All of this is accomplished in the Spirit’s power. The Israelites were told, “The Lord is with you.”
We’ve been promised,
“Now it is God who makes both us and you stand firm in Christ. He anointed us, set his seal of ownership on us, and put his Spirit in our hearts as a deposit, guaranteeing what is to come.”
(2 Cor. 1:21-22, NIV)
Above all, dear comrade, always remember who is really at war.
Because this is the Lord’s battle, we can trust that doing our part to station, stand, and see is enough.
- If He wants a multitude of 5000 fed, He can do it with a few fish and bites of bread.
- If He wants to proclaim His message and see 3000 repent, He can do it through an ordinary fisherman who just denied him 50 days earlier.
- (Actually, He can do it without any of this, but you get my point, right?)
You are small,
but you’re not insignificant.
Your calling is to obey,
not orchestrate the outcome.
The enemy seeks to destroy you,
but it’s not about you.
Yes, you’re enlisted in the army — with battles to fight on the Lord’s behalf —but it’s not your war.
3-Make your battle cry a song
After receiving these words from the Lord, the people rose early the next morning to meet the enemy in the wilderness.
Oh, did I forget to mention that little part? ~ smile.
Yes, verse 16 tells us God told the people to actually go down against the overwhelming, outnumbering enemy, not hide inside their gates.
I can’t even.
So we won’t.
Here’s the place I want you to go with me on this:
While they stood in the wilderness, waiting for the enemy to appear, the king reminded them,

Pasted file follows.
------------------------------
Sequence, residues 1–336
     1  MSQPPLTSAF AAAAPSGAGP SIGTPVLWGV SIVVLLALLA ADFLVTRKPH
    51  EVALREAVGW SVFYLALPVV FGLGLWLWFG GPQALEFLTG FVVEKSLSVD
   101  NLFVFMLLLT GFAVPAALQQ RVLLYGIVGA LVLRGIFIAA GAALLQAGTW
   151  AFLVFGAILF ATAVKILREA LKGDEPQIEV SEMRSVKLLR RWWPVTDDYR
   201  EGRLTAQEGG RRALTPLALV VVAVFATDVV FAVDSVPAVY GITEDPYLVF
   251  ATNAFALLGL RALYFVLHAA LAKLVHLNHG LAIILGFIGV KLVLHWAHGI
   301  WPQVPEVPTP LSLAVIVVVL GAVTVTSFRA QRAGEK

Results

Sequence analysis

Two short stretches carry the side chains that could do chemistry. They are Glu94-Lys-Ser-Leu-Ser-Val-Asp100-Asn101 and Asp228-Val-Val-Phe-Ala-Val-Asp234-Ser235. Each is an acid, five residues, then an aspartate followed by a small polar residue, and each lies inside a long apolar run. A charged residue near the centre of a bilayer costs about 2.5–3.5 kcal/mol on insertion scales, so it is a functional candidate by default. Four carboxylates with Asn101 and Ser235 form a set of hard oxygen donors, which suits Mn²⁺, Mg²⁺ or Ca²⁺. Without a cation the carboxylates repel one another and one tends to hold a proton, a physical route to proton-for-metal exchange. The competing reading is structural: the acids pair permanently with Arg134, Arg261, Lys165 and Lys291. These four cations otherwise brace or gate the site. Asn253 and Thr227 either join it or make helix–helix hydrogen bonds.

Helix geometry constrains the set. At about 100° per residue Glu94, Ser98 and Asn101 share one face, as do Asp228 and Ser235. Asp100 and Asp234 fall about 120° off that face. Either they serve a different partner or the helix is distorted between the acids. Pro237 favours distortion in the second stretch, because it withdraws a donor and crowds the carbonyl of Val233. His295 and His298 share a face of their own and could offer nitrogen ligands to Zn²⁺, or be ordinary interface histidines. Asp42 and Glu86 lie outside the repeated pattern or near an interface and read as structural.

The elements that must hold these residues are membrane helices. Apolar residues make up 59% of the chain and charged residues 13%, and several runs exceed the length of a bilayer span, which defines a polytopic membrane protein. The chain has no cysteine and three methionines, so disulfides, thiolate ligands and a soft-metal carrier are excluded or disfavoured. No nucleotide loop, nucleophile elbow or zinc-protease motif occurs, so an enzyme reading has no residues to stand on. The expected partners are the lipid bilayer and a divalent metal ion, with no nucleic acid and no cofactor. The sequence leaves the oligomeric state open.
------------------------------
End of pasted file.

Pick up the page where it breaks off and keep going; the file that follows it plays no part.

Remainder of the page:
“Put your trust in the Lord your God and you will be established.”
(vs. 20, NASB)
The very next verses tell of people praising God, and some even going before the army singing,
“Give thanks to the Lord, for His lovingkindness is everlasting.”
God had this next detail recorded for us and I almost missed it.
Verse 22 tells us,
“When they began singing and praising, the Lord set ambushes against (those) who had come against Judah.”
Now, there are many songs of praise proclaiming God’s deliverance in the Bible, but this one is different.
Here, He delivered them AFTER they began praising Him.
Does that give you chills like me?
This is trust personified — or rather — songified.
Established trust looks like worship and thanksgiving —
even before anything you can see changes.
That’s reason enough to go find your voice if you’ve lost it and turn up worship music in the background.
God will be glorified through delivering you
The Israelites’ story ends with this,
“And the fear of God came on all the kingdoms of the countries when they heard that the Lord had fought against the enemies of Israel.”
Friend, whatever your enemy looks like, however big and insurmountable it seems, victory will come.
It may not be soon; it may not be in the form you’d wish, but your God is able to deliver. More than able.
When He does, your testimony of how He held you in the darkness will lead others to the light.
In the waiting, your battle cry will help others find their voice as together we proclaim,
“We don’t know what to do, but our eyes are on you, Lord!”
And even if — here on this earth — the odds are never (ever) in your favor again, if you know Jesus as Savior, you are favored by the Most High.
And that changes the game for all eternity.
Combat feelings of discouragement and brokenness with survival-grade faith.